Shape shifter. You’ve heard of 3D printing. How about 4D printing? In “Biomimetic 4D Printing,” Nature tells about efforts to imitate “nastic plant motions, where a variety of organs such as tendrils, bracts, leaves and flowers respond to environmental stimuli (such as humidity, light or touch) by varying internal turgor, which leads to dynamic conformations governed by the tissue composition and microstructural anisotropy of cell walls.” We don’t usually think of plant motions, but if seen in time lapse, their motions are real and targeted. If we could 3D-print things that shift their shapes in response to environmental triggers, think of the possibilities: “smart textiles, autonomous robotics, biomedical devices, drug delivery and tissue engineering.” Here’s what the wizards at Harvard’s Wyss Institute for Biologically Inspired Engineering have come up with so far:

Inspired by these botanical systems, we printed composite hydrogel architectures that are encoded with localized, anisotropic swelling behaviour controlled by the alignment of cellulose fibrils along prescribed four-dimensional printing pathways. When combined with a minimal theoretical framework that allows us to solve the inverse problem of designing the alignment patterns for prescribed target shapes, we can programmably fabricate plant-inspired architectures that change shape on immersion in water, yielding complex three-dimensional morphologies.

Bone buildings. Bones and eggshells have the advantage of strength in spite of light weight, Michelle Oyen writes in The Conversation (see her in a video clip in the article). Why don’t we build things like that? Steel and concrete are heavy, and to a world worried about climate change, they are dirty. Why not use clean, lightweight building materials inspired by nature? Caution: basic research needed:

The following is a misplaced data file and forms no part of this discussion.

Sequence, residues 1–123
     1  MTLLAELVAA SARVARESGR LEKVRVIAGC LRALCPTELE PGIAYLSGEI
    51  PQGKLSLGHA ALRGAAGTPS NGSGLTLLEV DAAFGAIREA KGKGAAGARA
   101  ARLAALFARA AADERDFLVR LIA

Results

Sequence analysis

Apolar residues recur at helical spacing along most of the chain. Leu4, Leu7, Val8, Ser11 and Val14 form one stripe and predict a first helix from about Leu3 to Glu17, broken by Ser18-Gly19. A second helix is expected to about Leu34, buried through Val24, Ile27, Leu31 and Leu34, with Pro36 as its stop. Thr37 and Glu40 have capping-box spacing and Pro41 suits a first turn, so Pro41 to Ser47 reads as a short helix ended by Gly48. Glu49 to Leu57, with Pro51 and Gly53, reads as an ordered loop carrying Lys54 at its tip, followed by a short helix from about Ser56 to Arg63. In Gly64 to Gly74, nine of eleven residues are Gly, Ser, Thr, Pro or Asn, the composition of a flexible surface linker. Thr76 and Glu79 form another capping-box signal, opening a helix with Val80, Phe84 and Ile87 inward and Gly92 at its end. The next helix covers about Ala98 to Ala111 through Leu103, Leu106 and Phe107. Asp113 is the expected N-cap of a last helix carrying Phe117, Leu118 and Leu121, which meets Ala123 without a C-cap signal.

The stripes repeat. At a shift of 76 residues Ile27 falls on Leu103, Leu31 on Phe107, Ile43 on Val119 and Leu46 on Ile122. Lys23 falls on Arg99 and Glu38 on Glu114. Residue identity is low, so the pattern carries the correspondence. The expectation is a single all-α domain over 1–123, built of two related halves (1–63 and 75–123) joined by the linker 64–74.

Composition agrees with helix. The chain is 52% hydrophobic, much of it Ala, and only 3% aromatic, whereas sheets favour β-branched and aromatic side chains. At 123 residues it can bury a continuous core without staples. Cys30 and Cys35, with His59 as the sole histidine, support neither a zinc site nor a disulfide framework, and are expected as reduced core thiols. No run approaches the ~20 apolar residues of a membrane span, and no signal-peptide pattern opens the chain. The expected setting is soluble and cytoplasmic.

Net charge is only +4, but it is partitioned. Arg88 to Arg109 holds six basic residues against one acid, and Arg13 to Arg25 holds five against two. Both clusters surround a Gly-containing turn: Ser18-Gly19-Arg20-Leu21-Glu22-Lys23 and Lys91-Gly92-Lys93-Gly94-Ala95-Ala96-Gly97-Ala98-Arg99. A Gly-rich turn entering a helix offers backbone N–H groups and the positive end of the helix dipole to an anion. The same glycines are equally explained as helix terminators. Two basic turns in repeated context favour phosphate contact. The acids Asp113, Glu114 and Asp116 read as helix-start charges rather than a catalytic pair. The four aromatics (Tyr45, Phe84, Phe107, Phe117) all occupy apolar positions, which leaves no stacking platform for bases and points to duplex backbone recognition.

In order to make biomimetic materials, we need to have a deep understanding of how natural materials work. We know that natural materials are also “composites“: they are made of multiple different base materials, each with different properties. Composite materials are often lighter than single component materials, such as metals, while still having desirable properties such as stiffness, strength and toughness.

It’s the biological component, like protein, that’s the secret. Eggshells are 95 percent mineral and just 5 percent hydrated protein but that makes all the difference. Oyen says we can learn nature’s tricks one of two ways: by mimicking the composition of the material itself, or by copying the process by which the material is made. Her lab is working on “neo-bone” at the centimeter scale, but there’s no reason it could not be scaled up to industrial size, she says; it just takes a “major rethink” in how we build things. “The science is still in its infancy, but that doesn’t mean we can’t dream big about the future.”

Frog therapy. Advances in biomimetics come from observation followed by inspiration. Who would have thought that the foam that tiny frogs use to surround and protect their eggs could someday deliver healing drugs to burn patients? At Strathclyde University, the BBC reports, engineers “are taking inspiration from the tiny Tungara frog from Trinidad” to do just that. The frogs use at least six proteins to retain the shape and strength of their egg nest. The scientists have made a synthetic version of frog foam that “could trap and deliver medication while providing a protective barrier between the wound dressing and the damaged skin.” So far, they’re only halfway there. “While foams like these are a long way from hitting the clinic, they could eventually help patients with infected wounds and burns, by providing support and protection for healing tissue and delivering drugs at the same time,” they hope.

Are you getting inspired by biological design? Consider that biomimetics is proving to be a shot in the arm for both basic research and for applied science. Scientists have to understand what they observe, being curious about why a biological solution works (e.g., how does a mussel grip a rock underwater?). Then, with a little imagination, they can envision ways the natural process can be applied. From there, inventors and engineers can get busy trying to imitate the solution. Everyone can profit from the results.